Academic journal article Studies in Literature and Language

"A Poor Haji in Search of the Picturesque"or an Imperial Scribe: Fanny Parks' Wanderings of a Pilgrim

Academic journal article Studies in Literature and Language

"A Poor Haji in Search of the Picturesque"or an Imperial Scribe: Fanny Parks' Wanderings of a Pilgrim

Article excerpt


Through a close reading of Fanny Parks' Wanderings of a Pilgrim, this paper seeks to expose the imperialist underpinnings of her travel journal, purportedly presenting an objective picture of India. To achieve this end, the main focus will be on an exploration of the rhetorical strategies and Orientalist tropes deployed by the author to script the Indian milieu in need of British benign tutelage. Unearthing the colonial ideology and Othering strategies informing this travel narrative not only casts doubt on the author's claim of experiential authority stemming from eye-witness accounts, but unravels the text's subtle endorsement of the British colonial presence and intervention in India.

Key words: Orientalist Tropes; Representation; Othering; Travel Writing; Fanny Parks; Zenana


Following permission granted by Queen Elizabeth I, the foundation of the East India Company in 1600 allowed for the deployment of British trade ships to the East Indies, mainly to the Indian subcontinent. Enjoying imperial patronage, due to high profits and the hospitality of the Mughal court, the company gradually expanded its commercial trading regions in India. Thus, the company's seemingly innocent trading paved the way for a colonial administration through the acquisition of more territories that came under its control; it culminated in the growth of the British Empire and direct colonial rule of India, referred to as the British Raj in 1858, which lasted for almost a century. To achieve its imperial objectives in the Indian subcontinent, the British administration had to be legitimized repeatedly, both during British East India Company days (1600-1858) and the British Raj (1858- 1947). As L. J. Davis (1987, p. 63) convincingly argues: "[T]he project of colonizing cannot exist without the help of ideological and linguistic structures. A country must do more than simply steal another country: a series of explanations, representations, and rationalizations must intervene to justify political action". The textual creation of the Indian subcontinent by generations of diplomats, merchants and travel writers, among others, played a decisive role, both in attracting more commercial trading and in the company's shift from its trading pursuits to direct rule of the British Raj. In her study "India/ Calcutta: city of palaces and dreadful nights", Kate Teltscher highlights the key role played by travel writing in "promoting the idea of British Rule" as well as in Britain's "transition from trading partner to ruling power" (2004, p. 192).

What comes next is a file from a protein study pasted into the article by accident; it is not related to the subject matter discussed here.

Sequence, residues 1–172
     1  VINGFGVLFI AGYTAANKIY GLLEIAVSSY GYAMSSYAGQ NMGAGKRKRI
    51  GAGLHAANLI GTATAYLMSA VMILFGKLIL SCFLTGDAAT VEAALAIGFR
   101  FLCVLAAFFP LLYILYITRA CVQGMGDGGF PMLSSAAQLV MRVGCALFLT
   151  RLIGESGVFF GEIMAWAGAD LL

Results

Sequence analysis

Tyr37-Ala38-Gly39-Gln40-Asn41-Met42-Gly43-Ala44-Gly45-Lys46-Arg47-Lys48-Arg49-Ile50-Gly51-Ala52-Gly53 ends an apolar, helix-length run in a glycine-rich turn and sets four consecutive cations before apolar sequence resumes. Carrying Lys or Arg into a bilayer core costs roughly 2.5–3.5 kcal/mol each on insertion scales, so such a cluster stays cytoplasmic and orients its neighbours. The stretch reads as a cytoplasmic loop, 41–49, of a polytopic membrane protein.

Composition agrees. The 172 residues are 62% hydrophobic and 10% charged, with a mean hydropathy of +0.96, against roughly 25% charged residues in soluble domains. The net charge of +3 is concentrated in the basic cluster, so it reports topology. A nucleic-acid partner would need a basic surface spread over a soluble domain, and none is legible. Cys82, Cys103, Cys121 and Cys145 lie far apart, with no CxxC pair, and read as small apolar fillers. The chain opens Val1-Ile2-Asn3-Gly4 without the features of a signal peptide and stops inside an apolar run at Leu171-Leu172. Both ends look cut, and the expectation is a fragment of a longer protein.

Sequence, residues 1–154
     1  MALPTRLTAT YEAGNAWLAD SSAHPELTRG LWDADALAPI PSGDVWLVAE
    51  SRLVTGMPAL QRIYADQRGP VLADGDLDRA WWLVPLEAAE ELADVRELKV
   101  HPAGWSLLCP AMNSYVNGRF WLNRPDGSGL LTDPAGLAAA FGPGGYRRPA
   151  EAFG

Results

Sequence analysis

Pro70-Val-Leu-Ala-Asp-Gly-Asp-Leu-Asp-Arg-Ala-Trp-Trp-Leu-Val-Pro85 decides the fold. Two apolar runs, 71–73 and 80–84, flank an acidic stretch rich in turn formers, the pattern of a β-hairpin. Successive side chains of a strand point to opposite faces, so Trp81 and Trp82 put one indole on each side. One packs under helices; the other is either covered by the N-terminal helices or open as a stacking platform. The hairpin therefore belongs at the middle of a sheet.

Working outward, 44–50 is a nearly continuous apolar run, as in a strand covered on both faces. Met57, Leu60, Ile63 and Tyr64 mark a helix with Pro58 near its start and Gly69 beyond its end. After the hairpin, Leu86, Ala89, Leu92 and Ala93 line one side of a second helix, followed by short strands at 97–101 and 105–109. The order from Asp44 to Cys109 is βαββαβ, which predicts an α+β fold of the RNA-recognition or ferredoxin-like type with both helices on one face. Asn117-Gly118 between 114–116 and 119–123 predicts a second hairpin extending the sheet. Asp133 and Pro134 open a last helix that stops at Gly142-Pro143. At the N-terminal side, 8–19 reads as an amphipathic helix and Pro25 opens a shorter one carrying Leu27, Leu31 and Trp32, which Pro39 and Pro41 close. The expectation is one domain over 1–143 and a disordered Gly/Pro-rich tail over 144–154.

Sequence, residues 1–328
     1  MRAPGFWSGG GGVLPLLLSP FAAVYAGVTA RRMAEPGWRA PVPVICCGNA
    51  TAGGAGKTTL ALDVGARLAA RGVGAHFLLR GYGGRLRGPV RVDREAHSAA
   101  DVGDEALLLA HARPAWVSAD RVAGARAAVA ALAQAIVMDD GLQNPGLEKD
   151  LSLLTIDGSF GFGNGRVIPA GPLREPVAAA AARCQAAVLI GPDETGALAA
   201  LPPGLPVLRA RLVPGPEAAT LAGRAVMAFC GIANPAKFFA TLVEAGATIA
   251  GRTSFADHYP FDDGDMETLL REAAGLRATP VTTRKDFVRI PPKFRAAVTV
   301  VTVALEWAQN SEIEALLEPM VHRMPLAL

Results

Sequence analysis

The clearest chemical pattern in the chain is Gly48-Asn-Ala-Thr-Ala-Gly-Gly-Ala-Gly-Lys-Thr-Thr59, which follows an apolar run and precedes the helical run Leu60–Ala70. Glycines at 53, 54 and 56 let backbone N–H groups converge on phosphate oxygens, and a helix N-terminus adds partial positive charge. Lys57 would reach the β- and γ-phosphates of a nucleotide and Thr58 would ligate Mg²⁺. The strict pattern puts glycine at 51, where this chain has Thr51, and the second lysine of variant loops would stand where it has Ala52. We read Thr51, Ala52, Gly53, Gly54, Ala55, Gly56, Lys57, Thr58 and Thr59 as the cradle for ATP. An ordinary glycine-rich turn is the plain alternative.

Postcolonial critics and travel theorists have accentuated the centrality of colonial-era travel writing in the furtherance and perpetuation of imperial agendas in the colonized countries. These narratives have been attracting an increasing amount of critical attention since the publication of Said's ground-breaking Orientalism. Said's study deftly unravels the ideological underpinnings of Western representations of the Orient and their contribution to the promotion of colonial agendas. The findings of textual analyses of colonial travel narratives have revealed submerged imperialist ideologies, attitudes and dogmas in the inscription and representation of the colonized milieu. Sara Mills' study (1994, p. 30) of Western travel texts from the colonial era finds them to be sites "within which imperialist knowledges are produced". Along similar lines, in the introduction to their compilation Not So Innocent Abroad: The Politics of Travel and Travel Writing, Ulrike Brisson and Bernard Schweizer maintain that British travel books of the colonial epoch "have long been recognized for their complicity with colonial rule by their 'Othering' discourses" (2009, p. 11). Echoes of these studies are audible in a very recent publication by Carl Thompson in which he finds Victorian travel writing to be "steeped in imperialist attitudes and imagery" and, as such, promoting British cultural and racial superiority (2011, p. …

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